Categories
Offline

Never Stop Applying to Marketing Jobs

Simple economics tells us that the lower the cost of failure, the more failed attempts should be made. When the cost of failure goes down, any critique of reduced success rates is hopelessly innumerate.

What does that mean?

It means you should always be applying to marketing jobs.

Once upon a time, you hustled to land your job.

But you got it. And then you got busy. You got wrapped up in setting quarterly goals; and writing new ebooks; and sending emails to the right lists.

So you stopped looking for jobs.

We’ve all done it.

That’s it. That’s the career mistake too many professionals make.

You stopped looking for jobs. We’ve all done it. That’s it. That’s the career mistake too many professionals make. Click To Tweet

Applying to jobs is your future security.

It’s visualizing the success you want to see.

Applying to jobs is your protection.

It’s your big pile of FU money.

But more than that, applying to jobs allows you to learn a ton.

It helps you keep an eye on what skills are most in demand, which can inform what you decide to learn, and how you shape your current role.

It helps you experiment with a higher salary. And if you get it, you can use it to raise your current salary (by the way: don’t, just take the new job!).

You learn what pitches and positioning of your story works, so that it’s ready when you finally find the one you really want.

You keep your cell phone rolodex full with people who could hire you if your company goes out of business.

And, you help your friends and family get jobs – for example if you find something that’s not quite the right fit for you, but build a relationship along the way.

Plus, you even find people who can help you fill your open roles.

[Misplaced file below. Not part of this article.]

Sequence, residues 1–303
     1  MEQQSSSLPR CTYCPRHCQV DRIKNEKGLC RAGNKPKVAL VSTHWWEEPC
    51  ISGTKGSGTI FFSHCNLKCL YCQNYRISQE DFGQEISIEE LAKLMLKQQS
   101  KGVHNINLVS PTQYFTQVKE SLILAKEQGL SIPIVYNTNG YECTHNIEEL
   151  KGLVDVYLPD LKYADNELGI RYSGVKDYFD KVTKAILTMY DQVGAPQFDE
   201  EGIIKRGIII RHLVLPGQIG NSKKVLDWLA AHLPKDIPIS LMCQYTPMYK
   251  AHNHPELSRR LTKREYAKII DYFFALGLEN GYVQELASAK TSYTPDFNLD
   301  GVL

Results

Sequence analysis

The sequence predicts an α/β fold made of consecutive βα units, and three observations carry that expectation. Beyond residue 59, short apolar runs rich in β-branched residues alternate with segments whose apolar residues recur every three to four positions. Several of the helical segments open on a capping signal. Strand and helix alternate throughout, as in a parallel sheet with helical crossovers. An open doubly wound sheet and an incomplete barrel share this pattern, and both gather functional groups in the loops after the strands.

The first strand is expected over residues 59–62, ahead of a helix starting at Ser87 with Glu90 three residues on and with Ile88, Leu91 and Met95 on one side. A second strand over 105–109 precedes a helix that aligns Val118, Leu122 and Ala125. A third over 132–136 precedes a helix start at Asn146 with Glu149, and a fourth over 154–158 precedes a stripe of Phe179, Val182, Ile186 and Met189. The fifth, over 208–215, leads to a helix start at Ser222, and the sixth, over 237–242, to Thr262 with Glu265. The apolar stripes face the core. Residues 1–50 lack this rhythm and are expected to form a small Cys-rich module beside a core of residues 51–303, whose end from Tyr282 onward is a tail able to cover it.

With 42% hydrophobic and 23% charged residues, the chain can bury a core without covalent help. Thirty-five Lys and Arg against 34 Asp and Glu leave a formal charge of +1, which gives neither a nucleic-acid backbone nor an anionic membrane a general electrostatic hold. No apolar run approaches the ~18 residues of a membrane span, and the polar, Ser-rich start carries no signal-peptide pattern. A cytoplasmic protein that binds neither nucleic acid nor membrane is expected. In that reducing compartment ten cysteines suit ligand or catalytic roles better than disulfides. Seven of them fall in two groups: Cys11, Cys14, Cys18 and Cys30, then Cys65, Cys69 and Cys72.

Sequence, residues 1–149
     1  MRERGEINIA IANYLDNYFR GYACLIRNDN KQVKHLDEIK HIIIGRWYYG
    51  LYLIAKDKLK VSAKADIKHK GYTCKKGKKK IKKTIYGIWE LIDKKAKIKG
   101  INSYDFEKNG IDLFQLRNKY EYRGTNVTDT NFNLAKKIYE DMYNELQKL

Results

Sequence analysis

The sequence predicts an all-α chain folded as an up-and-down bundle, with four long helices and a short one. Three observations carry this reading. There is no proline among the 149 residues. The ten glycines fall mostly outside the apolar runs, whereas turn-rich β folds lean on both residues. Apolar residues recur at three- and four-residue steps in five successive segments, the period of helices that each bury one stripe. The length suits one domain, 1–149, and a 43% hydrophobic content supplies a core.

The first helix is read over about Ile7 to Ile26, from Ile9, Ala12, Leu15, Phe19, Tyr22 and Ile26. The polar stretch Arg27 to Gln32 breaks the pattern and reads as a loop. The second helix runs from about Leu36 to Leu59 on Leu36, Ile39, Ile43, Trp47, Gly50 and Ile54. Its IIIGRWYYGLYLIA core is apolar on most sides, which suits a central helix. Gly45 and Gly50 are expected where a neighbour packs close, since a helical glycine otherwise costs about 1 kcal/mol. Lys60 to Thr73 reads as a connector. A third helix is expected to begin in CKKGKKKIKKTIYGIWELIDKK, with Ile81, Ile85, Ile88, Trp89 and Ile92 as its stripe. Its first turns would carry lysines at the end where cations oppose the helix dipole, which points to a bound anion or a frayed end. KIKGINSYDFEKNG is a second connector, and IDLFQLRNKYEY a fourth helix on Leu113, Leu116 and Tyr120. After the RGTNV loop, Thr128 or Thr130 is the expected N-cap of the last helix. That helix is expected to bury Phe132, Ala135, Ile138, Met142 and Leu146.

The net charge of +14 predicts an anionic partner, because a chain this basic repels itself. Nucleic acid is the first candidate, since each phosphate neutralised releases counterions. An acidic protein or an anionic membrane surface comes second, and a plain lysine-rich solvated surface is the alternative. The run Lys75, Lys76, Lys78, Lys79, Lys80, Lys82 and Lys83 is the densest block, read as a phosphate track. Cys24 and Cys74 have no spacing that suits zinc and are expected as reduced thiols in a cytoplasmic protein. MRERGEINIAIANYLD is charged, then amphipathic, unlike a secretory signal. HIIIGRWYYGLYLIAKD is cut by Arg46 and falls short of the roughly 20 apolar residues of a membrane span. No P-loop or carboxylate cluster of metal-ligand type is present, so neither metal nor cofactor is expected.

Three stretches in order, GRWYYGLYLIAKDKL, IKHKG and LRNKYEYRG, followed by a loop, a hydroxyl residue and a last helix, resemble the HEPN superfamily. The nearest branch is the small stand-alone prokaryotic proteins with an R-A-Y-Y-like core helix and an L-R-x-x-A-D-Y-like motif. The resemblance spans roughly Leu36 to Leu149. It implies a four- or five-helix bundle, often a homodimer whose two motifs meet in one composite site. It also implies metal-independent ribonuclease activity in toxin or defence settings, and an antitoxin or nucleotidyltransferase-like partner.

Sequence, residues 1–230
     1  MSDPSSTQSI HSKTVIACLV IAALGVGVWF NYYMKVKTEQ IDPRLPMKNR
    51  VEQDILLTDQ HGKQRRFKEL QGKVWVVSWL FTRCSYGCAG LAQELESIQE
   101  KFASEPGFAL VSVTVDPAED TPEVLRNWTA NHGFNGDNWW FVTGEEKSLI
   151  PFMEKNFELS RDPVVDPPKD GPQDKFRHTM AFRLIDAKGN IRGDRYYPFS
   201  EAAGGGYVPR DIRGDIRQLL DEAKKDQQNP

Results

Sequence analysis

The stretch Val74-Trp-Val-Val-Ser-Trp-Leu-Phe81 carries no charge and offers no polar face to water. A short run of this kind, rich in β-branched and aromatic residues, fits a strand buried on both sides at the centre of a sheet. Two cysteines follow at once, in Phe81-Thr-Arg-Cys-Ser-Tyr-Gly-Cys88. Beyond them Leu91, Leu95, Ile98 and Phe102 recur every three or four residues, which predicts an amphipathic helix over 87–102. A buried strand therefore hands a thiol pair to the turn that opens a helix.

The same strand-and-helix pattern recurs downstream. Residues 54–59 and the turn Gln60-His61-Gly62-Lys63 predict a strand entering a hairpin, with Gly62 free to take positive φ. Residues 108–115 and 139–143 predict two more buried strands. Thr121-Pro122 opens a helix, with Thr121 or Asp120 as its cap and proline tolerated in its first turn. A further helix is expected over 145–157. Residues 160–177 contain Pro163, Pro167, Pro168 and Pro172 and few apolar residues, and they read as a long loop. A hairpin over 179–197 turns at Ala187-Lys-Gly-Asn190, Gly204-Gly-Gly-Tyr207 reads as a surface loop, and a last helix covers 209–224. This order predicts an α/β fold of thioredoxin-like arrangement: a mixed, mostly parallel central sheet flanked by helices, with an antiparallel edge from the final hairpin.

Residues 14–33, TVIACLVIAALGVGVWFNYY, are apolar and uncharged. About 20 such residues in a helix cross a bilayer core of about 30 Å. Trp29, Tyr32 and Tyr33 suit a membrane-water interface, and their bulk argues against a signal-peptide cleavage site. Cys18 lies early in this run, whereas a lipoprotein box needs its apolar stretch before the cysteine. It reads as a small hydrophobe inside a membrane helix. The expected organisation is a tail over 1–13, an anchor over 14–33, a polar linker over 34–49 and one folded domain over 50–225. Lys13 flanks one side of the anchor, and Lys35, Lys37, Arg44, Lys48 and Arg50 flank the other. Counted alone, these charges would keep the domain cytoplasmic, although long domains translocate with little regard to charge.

Or who are at amazing at their jobs, and have advice and tips you can use to be even better at the job you have today.

Spend 1 day each month applying to jobs.

Because the cost of failure is low.

Because it just costs the time it takes to apply.

Let’s say you make $50/hour. So your cost of applying is $400 a day, and $4,800 for the year.

Most of the time when you start at a new job your salary increases by 10%-20% for the year. Younger workers, especially, tend to see the biggest jump in pay from job-hopping—approximately an 11% gain.

$104,000 X .10 = $10,400. You just made $5,600 this year!

Plus the 3-10% additional you’ll see on that $5K in cost of living adjustments or raises in future years.

Remember it’s no longer about climbing a ladder. Instead, you’re playing on the monkey bars.

So never stop looking and applying.

Do it even when you love your marketing job.

Do it especially when you love your marketing job.

Did this article give you something to think about? Please send a $5 tip to my Venmo tip jar: @megsterr.

Or to my Paypal:

By the way, General Assembly is doing free class Fridays right now, and a handful of the classes are about equipping yourself with strong job application materials.

By Megan Mitzel

I'm the wearer of overalls behind the marketing advice website Marketing Overalls. I'm also a senior marketing director with more than ten years of experience leading acquisition and lifecycle marketing at successful startups. Before that, I got a business degree at UNC-Chapel Hill. Before that, I owned a seashell shop. And that's the tea on me.